Cardiac output can be defined as the volume of blood moved by the heart per unit of time.1,2 Measurement of CO also allows for calculation of oxygen delivery, oxygen consumption, and systemic vascular resistance (Appendix).3 Monitoring of CO can be used to guide treatment, improve clinical outcome in critically ill patients, and monitor patients during anesthesia and has prognostic value.4 Changes in CO are not detected by means of routine hemodynamic monitored variables (eg, arterial blood pressure, central venous pressure, heart rate, and urine output). Furthermore, studies4,5 have revealed that those hemodynamic monitored variables were the worst predictors of survival. On the other hand, hemodynamic variables such as CI, systemic vascular resistance, and oxygen consumption have good specificity and sensitivity with regard to predicting survival and aid in early goal-directed treatment.4
Cardiac output is routinely measured in humans undergoing anesthesia in critical care units. Horses have intrinsic characteristics (body size, temperament, and unique anatomic features) that make routine use of CO in this species a challenge. Cardiac output measurement in veterinary patients is not routinely performed because of the invasiveness of currently validated procedures.3,6 The clinical gold standard of CO measurement is the TDCO method, which requires the use of a pulmonary artery catheter. Use of pulmonary artery catheters is associated with major risks including development of arrhythmias, cardiac endothelial damage, infection, knotting of the catheter in the pulmonary artery, pulmonary thromboembolism, and pulmonary artery rupture.2,3 Consequently, there has been an interest in less invasive yet accurate methods of CO measurement including the LiDCO method, esophageal Doppler ultrasonography, thoracic electrical bioimpedance assessment, and arterial pulse analysis.7–9 The values of CO provided by the LiDCO technique have excellent agreement with values of CO provided by the TDCO technique in horses, dogs, and cats.2,10,11 The LiDCO method is widely applied in veterinary medicine and is the most common technique used to study CO in anesthetized foals.9–11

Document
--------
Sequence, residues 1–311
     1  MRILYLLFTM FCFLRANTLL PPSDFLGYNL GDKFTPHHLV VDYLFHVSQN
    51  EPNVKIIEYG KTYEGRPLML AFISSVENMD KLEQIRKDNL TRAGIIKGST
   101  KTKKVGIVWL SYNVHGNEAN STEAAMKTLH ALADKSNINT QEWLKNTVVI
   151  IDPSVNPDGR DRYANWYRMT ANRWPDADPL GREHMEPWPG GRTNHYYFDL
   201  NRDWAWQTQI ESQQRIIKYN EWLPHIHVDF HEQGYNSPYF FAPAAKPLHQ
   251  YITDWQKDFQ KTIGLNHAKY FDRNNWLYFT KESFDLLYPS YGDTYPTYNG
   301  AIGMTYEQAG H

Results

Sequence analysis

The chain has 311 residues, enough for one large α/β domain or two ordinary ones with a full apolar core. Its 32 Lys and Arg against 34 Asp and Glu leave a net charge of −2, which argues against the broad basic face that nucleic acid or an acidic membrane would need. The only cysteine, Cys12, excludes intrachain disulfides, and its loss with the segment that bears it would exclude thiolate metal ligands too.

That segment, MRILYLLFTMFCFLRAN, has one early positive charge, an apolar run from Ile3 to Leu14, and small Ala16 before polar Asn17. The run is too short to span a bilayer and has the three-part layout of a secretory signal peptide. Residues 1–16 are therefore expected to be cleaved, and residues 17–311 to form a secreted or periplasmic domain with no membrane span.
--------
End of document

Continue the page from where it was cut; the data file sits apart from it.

The UDCO method is a novel technique that eliminates some of the drawbacks of the TDCO and LiDCO methods. The UDCO method is minimally invasive, requiring placement of only peripheral venous and arterial catheters; also, it uses a physiologic noncumulative indicator, saline (0.9% NaCl) solution.12,13 Although numerous repeated LiDCO measurements can result in considerable blood loss, there is minimal blood loss associated with numerous repeated UDCO measurements. The UDCO measurements are performed by injecting a bolus of isotonic saline solution (0.5 to 2 mL/kg) into the venous circulation, which results in a transient hemodilution and change in the velocity of the blood detected by the ultrasound sensors.
To evaluate a new CO monitoring technique, a comparative study should be conducted in the species of interest during various clinical scenarios and over a wide physiologic range of CO of interest to demonstrate that the measurements obtained are in agreement with those obtained with validated techniques. Use of the LiDCO method has been validated and compared with the TDCO method in neonatal foals and other species.14,15 The UDCO technique was recently evaluated in anesthetized euvolemic neonatal foals (1 to 3 days of age).6 There is, however, significant variation in CO values among horses of differing ages. Foals have high heart rates and CI values because of their high metabolic rates and immature sympathetic nervous system.16 Mean ± SD CI in 2-hour-old foals is 155.2 ± 8.1 mL/kg/min, and in 14-day-old foals, the value is 222 ± 21.6 mL/kg/min; in adult horses, CI is typically 72 mL/kg/min.16–18 The purpose of the study reported here was to assess the accuracy of a UDCO method, compared with that of the LiDCO method, for determination of CO (and CI calculated on the basis of the CO values) in juvenile horses with experimentally induced hypovolemia. Our hypothesis was that values of CI derived by use of the UDCO technique would have good agreement with values determined by use of the LiDCO technique in juvenile horses with hypovolemia induced via controlled hemorrhage.
Lithium dilution cardiac output
Mean arterial blood pressure
Ultrasound velocity dilution cardiac output
Thermodilution cardiac output
IsoFlo, Abbott Laboratories, North Chicago, Ill.
Mila International Inc, Denver, Colo.
Terumo Surflow 20G Terumo Med Corp, Summerset, NJ.
A/S5 Gas Calibration Canister. Datex-Ohmeda Division, Helsinki, Finland.
ABL 725 Radiometer Inc, Bronshoj, Denmark.
Lithium Chloride, LiDCO Limited, London, England.
CM 31-01, LiDCO Ltd, London, England.
Gleed RD, Kislukhin V, Krivitski N, et al. The effect of injection temperature on cardiac output determination by ultrasound dilution in an anesthetized sheep (abstr), in Proceedings, 7th World Cong Vet Anaesthesiol 2000;15.
Ultrasound COStatus flow probe, Transonic System Inc. Ithaca, NY.
CoStatus Roller pump, Transonic Systems Inc, Ithaca, NY.
HFW1000, Transonic Systems Inc, Ithaca, NY.
CPDA-1 blood collection bag, Terumo Corp Teruflex, Tokyo, Japan.
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Equations commonly used to determine CO and other variables.
|CO = Heart rate × stroke volume|
|Systemic vascular resistance = (MAP–central venous pressure) × 80/CO|
|Oxygen delivery = CO × arterial oxygen concentration|
|Oxygen consumption = arterial oxygen concentration – venous oxygen concentration × CO|